JONAH CHAPTER 1
The Lord’s word came to Jonah, Amittai’s son: 2 “Get up and go to Nineveh, that great city, and cry out against it, for their evil has come to my attention.”
3 So Jonah got up—to flee to Tarshish from the Lord! He went down to Joppa and found a ship headed for Tarshish. He paid the fare and went aboard to go with them to Tarshish, away from the Lord. 4 But the Lord hurled a great wind upon the sea, so that there was a great storm on the sea; the ship looked like it might be broken to pieces. 5 The sailors were terrified, and each one cried out to his god. They hurled the cargo that was in the ship into the sea to make it lighter.
Now Jonah had gone down into the hold of the vessel to lie down and was deep in sleep. 6 The ship’s officer came and said to him, “How can you possibly be sleeping so deeply? Get up! Call on your god! Perhaps the god will give some thought to us so that we won’t perish.”
7 Meanwhile, the sailors said to each other, “Come on, let’s cast lots so that we might learn who is to blame for this evil that’s happening to us.” They cast lots, and the lot fell on Jonah. 8 So they said to him, “Tell us, since you’re the cause of this evil happening to us: What do you do and where are you from? What’s your country and of what people are you?”
9 He said to them, “I’m a Hebrew. I worship the Lord, the God of heaven—who made the sea and the dry land.”
10 Then the men were terrified and said to him, “What have you done?” (The men knew that Jonah was fleeing from the Lord, because he had told them.)
11 They said to him, “What will we do about you so that the sea will become calm around us?” (The sea was continuing to rage.)
12 He said to them, “Pick me up and hurl me into the sea! Then the sea will become calm around you. I know it’s my fault that this great storm has come upon you.”
13 The men rowed to reach dry land, but they couldn’t manage it because the sea continued to rage against them. 14 So they called on the Lord, saying, “Please, Lord, don’t let us perish on account of this man’s life, and don’t blame us for innocent blood! You are the Lord: whatever you want, you can do.” 15 Then they picked up Jonah and hurled him into the sea, and the sea ceased its raging. 16 The men worshipped the Lord with a profound reverence; they offered a sacrifice to the Lord and made solemn promises.
17 Meanwhile, the Lord provided a great fish to swallow Jonah. Jonah was in the belly of the fish for three days and three nights.
Just as with the book of Ruth, here also we are dealing with the work of a subtle writer with a radical understanding of the Jewish tradition. We can see in this opening chapter how traditional language is used for unexpected purposes. For example the books of the great prophets like Isaiah and Jeremiah include accounts of how the prophet was called by the “Word of the Lord”. So here we have the Lord’s Word arriving and being immediately disobeyed! Here we have a prophet who is distinguished by not wanting to preach God’s word. The author is using the name of a minor prophet who lived in the time of King Jeroboam. Certainly the Lord’s word is itself a bit odd, as it calls for the word to be preached in Niniveh, in the heart of foreign darkness, we might say. Indeed, Niniveh had been the capital of the new- Assyrian Empire of the 8th and 7th centuries BCE, a continual threat to Israel and Judah, but by the time when “Jonah” was probably written, it was no longer the powerful threat it had been. And the Lord speaks as if the long-term violence of the city has only just come to his notice! No wonder the prophet wants to go away from the Lord, as if the Lord only functions in Israel.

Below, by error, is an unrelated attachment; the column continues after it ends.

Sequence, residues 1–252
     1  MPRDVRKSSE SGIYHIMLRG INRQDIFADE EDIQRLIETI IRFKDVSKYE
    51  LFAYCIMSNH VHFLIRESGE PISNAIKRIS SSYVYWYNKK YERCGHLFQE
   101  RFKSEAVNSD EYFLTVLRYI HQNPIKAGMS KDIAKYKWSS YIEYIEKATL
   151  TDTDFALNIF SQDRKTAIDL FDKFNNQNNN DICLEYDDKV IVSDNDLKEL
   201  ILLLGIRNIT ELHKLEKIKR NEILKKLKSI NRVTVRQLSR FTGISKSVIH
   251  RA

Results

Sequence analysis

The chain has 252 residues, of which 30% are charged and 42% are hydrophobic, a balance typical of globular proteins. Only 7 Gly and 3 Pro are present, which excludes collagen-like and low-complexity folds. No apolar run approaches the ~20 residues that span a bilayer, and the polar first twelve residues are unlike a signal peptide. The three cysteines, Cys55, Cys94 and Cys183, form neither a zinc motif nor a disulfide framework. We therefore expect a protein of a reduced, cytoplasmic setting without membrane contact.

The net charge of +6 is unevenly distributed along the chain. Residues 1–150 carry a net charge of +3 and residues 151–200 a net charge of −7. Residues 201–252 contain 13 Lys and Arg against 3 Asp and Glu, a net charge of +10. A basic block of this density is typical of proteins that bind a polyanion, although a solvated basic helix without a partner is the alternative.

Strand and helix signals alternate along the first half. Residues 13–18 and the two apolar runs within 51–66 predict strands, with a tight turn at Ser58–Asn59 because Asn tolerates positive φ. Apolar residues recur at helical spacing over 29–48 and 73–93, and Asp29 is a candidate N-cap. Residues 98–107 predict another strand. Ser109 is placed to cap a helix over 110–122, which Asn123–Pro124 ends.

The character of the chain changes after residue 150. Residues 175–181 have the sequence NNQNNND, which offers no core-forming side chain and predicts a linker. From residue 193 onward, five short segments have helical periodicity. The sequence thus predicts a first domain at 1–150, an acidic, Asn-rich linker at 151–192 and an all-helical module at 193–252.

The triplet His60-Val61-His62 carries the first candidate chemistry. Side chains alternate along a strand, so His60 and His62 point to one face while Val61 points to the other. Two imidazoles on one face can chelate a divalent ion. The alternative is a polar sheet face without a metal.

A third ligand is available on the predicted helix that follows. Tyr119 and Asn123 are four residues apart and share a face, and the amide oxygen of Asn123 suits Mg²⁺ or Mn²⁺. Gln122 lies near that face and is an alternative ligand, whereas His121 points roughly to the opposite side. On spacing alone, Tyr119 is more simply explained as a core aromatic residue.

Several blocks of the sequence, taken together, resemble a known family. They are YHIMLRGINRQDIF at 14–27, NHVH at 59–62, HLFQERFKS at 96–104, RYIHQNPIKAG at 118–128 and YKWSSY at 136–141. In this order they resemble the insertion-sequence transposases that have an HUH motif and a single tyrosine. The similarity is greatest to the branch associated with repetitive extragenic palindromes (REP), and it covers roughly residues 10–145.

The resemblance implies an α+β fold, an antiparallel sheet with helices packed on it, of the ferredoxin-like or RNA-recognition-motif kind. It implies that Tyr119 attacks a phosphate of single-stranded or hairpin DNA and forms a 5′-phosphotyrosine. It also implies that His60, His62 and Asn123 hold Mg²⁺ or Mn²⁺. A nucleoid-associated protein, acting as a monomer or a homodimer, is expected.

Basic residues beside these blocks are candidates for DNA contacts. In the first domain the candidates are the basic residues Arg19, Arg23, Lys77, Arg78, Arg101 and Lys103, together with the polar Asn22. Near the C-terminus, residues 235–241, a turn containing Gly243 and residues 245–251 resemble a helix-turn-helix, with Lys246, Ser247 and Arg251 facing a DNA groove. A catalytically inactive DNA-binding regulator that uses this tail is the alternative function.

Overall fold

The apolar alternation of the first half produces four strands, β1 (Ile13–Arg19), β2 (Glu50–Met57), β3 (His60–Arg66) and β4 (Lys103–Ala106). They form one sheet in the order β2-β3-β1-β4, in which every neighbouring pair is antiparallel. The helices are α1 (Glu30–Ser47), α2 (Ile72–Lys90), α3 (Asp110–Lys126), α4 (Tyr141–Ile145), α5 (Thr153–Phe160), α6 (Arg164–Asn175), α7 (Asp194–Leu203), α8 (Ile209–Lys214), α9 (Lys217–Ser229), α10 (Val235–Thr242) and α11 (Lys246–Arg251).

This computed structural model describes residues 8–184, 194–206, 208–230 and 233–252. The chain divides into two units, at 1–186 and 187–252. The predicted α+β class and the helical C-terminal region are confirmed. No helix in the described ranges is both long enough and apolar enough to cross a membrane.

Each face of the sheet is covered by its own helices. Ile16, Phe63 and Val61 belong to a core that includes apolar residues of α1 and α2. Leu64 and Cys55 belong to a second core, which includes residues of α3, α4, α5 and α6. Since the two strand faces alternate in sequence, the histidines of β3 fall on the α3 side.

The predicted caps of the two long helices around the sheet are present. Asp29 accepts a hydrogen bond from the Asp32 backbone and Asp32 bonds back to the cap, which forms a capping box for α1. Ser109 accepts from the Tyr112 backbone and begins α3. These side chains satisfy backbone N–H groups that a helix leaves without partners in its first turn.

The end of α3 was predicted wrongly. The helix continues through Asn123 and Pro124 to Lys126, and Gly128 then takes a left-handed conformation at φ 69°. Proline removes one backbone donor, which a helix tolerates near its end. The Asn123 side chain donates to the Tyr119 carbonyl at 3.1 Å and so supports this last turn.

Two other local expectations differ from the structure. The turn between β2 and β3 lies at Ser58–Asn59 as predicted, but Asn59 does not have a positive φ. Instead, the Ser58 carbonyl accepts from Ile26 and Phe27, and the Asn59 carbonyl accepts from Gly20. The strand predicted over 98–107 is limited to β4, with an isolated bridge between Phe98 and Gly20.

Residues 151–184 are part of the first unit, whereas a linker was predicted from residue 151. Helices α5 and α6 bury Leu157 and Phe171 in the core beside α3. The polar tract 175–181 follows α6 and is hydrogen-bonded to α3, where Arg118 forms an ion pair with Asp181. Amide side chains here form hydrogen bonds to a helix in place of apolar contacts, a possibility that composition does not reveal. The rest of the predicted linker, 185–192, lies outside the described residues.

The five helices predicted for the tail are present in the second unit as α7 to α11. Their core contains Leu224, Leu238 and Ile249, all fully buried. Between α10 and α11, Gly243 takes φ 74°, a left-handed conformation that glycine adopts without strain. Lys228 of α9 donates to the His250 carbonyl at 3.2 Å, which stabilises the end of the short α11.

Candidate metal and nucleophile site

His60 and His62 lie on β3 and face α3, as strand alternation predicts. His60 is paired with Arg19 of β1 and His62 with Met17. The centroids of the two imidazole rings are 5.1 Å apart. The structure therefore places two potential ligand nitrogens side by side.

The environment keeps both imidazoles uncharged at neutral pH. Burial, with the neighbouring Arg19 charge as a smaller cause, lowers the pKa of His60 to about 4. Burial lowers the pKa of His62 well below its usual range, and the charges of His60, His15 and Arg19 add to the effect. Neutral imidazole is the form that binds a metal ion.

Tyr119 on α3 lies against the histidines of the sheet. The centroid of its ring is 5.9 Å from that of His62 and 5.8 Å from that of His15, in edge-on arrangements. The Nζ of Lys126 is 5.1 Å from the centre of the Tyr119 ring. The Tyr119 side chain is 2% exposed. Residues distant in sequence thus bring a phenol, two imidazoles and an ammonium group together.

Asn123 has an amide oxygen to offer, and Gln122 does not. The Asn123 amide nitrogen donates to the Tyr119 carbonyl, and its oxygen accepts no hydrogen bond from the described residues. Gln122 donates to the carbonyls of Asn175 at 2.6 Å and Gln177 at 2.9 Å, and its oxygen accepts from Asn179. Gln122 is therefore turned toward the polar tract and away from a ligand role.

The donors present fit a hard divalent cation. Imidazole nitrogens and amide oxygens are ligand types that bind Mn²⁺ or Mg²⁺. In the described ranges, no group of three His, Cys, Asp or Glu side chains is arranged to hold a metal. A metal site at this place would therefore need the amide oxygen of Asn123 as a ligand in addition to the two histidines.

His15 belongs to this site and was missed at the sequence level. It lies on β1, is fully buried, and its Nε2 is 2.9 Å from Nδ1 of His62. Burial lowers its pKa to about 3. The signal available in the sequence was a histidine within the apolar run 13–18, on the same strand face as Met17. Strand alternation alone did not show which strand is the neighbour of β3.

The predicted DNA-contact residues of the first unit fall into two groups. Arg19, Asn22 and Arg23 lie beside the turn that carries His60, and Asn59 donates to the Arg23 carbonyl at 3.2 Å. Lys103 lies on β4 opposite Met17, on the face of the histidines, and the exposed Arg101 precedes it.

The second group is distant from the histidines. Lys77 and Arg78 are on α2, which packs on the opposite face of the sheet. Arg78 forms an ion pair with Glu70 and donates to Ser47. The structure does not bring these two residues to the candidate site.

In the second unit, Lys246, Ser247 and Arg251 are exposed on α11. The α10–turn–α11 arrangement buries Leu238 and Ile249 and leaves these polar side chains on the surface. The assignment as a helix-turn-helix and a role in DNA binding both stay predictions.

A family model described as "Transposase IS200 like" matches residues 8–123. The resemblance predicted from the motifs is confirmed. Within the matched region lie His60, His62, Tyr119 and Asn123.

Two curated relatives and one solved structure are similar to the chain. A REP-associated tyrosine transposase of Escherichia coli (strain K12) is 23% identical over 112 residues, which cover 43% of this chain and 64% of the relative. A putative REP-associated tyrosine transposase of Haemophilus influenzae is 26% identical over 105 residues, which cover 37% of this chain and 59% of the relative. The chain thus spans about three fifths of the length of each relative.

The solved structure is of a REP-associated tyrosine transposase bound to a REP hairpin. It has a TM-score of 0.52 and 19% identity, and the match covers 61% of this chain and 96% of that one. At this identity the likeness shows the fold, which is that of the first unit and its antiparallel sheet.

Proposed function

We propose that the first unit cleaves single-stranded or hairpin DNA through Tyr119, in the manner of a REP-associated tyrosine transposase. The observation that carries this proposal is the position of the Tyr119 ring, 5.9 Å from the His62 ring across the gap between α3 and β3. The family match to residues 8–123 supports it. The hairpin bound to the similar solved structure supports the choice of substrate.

Of course because the Lord is the creator, as Jonah admits, he cannot get away from him, but the way the Lord catches him is instructive. It’s as if the Lord were saying, “Well if you won’t have me, the creator who made order out of the great deep, you can see how you like the great deep itself in all its chaotic power!” Jewish readers would remember that the imagery of the great deep had been used by genuine prophets as an image for the violence of great empires, and doubtless tthe great fish that swallows the prophet is a personification of chaotic violence. These images have a connection with Israel/ Judah being “swallowed up” by the Babylonians who carried off the active population as slaves to Babylon. Perhaps this author is scandalous enough to make Jonah a stand-in for the terrible fate of his people. If so, he’d be interpreting the exile of his people as a punishment for not having carried God’s message to their enemies!
We should note that the sailors are shown as decent people who don’t want to play the part of killers, and that Jonah succeeds by his “death” in the sea, in making them turn to God although that is not his intention.
It’s difficult to get a sense of the outrageous idea that the prophet should preach to Niniveh. Yesterday a candidate for the leadership of the U.K. Labour Party suggested that we should talk to the representatives of so-called Islamic State arousing predictable howls of outrage from the popular press.Talk to these murdering swine, indeed! We should be talking only of exterminating them! In fact killing’s too good for them, they should be gassed, raped, tortured and left to die in pain, mocked by selected members of UKIP and the English Defence League. Yep, that’s the sort of feeling Jewish people had towards Nineveh and the foreign powers symbolised by that name.
That kind of outrage rests on the popularity of imitative violence, ignoring the fact that strike first, talk later, is the motto of our enemy, and that talk first, strike as a last option, might be ours. The story of Jonah suggests that honest speech might be God’s preference also. As readers of my other blog, xtremejesus.co will know, I favour the Christian Church initiating talks with Islamic State.